Further research is needed and such a test is probably still available, but scientists say the results are promising.
“This research is an exciting step towards the development of blood tests that could help identify Alzheimer’s disease by targeting specific subtypes of tau, one of the key proteins that will become abnormal as a result of changes in Alzheimer’s disease in the brain,”; Clive said. Ballard, a professor of age-related diseases at Exeter Medical School in the UK who did not take part in the study.
“A reliable blood test for Alzheimer’s disease would be a huge stimulus for dementia research, allowing scientists to test treatment at a much earlier stage, which could lead to a breakthrough for people living with dementia,” she said. Rosa Sancho, Head of Research at Alzheimer Research Research UK, who also did not participate in the study.
You’re looking for a mutant protein
In a three-part study, researchers from the United States and Sweden measured an abnormal version of the tau protein called p-tau217 and found more modified tau in the blood of people with Alzheimer’s disease than in healthy participants.
How does tau get into the bloodstream? It appears to cross the blood-brain barrier.
“Tau protein is modified and aggregated in the brains of people with Alzheimer’s disease and some frontotemporal dementias, and some of this tau protein leaks from the brain into the bloodstream,” said Tara Spiers-Jones, deputy director of the Center for Discovery Brain Sciences at the University of Edinburgh. did not participate in the study.
Researchers claim that blood tests can distinguish Alzheimer’s disease from other types of dementia and Parkinson’s disease with a high degree of accuracy – 89% to 98%.
In addition, measuring p-tau217 levels may also be able to detect brain changes 20 years before the onset of dementia symptoms.
“This test, after validation and confirmation, opens up the possibility of early diagnosis of Alzheimer’s disease before the dementia stage, which is very important for clinical trials that evaluate new therapies that could stop or slow the disease process,” Oskar Hansson from Lund University in Sweden, wrote.
“These two documents contribute to the growing evidence that modified tau proteins in the blood can accurately reflect Alzheimer’s disease in the processes that occur in the brain,” said Amanda Heslegrave, chief researcher at the Dementia Research Institute in the UK in London. was not involved in the study.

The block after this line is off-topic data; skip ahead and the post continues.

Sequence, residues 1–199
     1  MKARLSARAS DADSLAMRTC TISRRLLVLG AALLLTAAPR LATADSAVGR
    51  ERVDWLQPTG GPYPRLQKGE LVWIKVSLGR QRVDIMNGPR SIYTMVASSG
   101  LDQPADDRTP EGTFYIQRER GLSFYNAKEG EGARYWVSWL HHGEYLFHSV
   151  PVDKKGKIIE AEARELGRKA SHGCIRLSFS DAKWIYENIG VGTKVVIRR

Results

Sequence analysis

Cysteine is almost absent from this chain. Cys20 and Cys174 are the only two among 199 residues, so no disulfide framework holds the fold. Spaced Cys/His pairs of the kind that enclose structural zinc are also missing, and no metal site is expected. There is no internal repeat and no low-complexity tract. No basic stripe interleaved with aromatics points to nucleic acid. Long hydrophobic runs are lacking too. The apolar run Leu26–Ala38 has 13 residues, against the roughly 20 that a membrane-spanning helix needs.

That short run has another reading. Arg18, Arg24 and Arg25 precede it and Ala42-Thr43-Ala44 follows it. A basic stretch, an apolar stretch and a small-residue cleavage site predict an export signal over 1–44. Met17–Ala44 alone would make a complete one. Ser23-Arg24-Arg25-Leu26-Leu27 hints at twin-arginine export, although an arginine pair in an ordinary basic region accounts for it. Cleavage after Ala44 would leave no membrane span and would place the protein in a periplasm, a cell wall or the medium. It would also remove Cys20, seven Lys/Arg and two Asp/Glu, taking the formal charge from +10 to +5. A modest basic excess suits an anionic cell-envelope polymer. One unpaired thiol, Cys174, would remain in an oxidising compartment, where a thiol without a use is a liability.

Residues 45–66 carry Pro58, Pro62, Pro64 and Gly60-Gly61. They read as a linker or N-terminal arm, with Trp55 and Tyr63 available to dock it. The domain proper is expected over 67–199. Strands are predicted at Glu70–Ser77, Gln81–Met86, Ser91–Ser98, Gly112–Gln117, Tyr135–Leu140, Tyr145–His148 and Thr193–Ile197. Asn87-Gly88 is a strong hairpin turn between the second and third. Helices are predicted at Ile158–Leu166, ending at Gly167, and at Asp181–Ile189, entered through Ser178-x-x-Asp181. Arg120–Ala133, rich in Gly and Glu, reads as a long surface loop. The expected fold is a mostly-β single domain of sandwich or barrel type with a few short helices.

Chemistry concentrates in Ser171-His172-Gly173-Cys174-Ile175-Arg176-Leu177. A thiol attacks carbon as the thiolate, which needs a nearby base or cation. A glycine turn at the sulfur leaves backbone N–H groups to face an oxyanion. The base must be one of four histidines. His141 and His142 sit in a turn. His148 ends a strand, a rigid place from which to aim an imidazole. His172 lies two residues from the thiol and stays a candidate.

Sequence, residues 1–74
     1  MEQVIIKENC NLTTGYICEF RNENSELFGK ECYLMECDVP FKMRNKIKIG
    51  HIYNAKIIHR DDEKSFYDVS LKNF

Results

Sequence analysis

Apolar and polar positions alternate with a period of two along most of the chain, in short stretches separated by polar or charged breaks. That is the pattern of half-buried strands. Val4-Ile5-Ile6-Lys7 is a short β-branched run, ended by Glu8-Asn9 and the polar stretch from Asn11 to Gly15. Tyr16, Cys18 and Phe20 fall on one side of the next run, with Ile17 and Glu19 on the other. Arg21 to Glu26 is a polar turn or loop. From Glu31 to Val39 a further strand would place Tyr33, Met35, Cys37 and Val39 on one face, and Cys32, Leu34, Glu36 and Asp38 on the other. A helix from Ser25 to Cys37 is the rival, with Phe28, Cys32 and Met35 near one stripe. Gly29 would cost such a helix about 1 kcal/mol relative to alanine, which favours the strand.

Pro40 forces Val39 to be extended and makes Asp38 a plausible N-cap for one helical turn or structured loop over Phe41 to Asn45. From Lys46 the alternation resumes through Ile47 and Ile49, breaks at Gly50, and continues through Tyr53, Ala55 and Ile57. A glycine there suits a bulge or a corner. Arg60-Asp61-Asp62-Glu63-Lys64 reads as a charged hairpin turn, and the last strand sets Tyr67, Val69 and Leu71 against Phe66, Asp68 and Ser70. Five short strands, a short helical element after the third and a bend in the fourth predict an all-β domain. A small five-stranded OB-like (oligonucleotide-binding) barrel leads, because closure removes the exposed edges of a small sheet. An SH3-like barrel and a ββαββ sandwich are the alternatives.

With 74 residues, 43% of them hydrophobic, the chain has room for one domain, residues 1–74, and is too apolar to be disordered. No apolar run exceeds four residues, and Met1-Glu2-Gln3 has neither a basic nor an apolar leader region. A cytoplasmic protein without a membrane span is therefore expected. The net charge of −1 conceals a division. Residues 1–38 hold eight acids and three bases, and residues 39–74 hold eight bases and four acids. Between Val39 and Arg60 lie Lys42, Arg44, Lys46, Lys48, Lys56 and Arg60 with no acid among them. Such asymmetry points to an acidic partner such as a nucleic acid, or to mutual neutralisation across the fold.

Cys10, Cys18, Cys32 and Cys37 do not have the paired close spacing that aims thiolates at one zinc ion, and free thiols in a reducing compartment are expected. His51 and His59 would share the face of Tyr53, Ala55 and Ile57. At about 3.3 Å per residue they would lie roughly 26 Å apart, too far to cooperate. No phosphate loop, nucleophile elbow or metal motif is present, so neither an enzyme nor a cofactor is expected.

In the doctor’s office
The formation of brain proteins, amyloid and tau, into clusters of amyloid plaques and tau tangles, are determinative of the physical properties of Alzheimer’s disease, but are difficult to detect without expensive PET or invasive spinal cock examinations, none of which are commonly insured.
Verbal and written tests of memory and cognitive impairment, combined with interviews with patients’ family members and carers about their behavior, remain with the physician. This approach makes it difficult to accurately diagnose Alzheimer’s disease unlike other types of cognitive impairment.
In addition, brain scans and spinal cords can only identify beta amyloid plaques, not tau protein. Experts say the tau test is important – beta amyloid alone is not enough to diagnose Alzheimer’s disease because some people with high levels do not develop neurological disease.
The new blood test is able to detect amyloid plaques and tau tangles and is very specific for Alzheimer’s disease.
A third abstract presented at the Alzheimer’s Disease Conference found that the test could distinguish between less common frontotemporal dementia, which affects younger people and leads to behavioral and personality changes rather than memory loss, and Alzheimer’s disease, illustrating the diagnostic capabilities of the test. These include changes in personality, behavior and language difficulties.
“These studies (and others) show that blood-based tau is a marker of amyloid pathology. Very interesting and not what could be predicted 5 years ago, “said John Hardy, President of Molecular Biology of Neurological Diseases at University College London.
This progress means that in the coming years, the day may come when your healthcare provider can do a blood test for Alzheimer’s disease while you are in the doctor’s office.
“It’s very exciting because we all know that blood tests are really important and that they are needed as a first pass at the clinic in your GP office,” said Maria Carrillo, chief physician of the Alzheimer’s Association.
And unlike current detection methods, blood tests could be more easily scaled to test a lot of people at a much lower cost.
Early detection and treatment before severe Alzheimer’s disease in the brain occurs would be a change in the game for individuals, experts said. The test could also help identify suitable people for clinical trials of drugs.
“We know that brain changes in Alzheimer’s disease can occur decades before symptoms begin to appear, and the early stages of the disease are likely to be the time when future drugs will be most effective,” Sancho said.
Carrillo and other experts warn that while promising, a blood test should also be tested in asymptomatic people and larger populations.
“We now need longer and larger studies to confirm these results and see if this test could accelerate our ability to develop new treatments for Alzheimer’s disease in the future,” said Fiona Carragher, director of policy and research at the Alzheimer’s Society in the UK.
Ballard agrees: “Although this research looks extremely promising, further validation is still needed in people from more routine clinical settings, and a lot of work will be needed to achieve standardization of the test in laboratories.
“It may take at least another five years before we see an accurate test of blood biomarkers for dementia at the clinic.”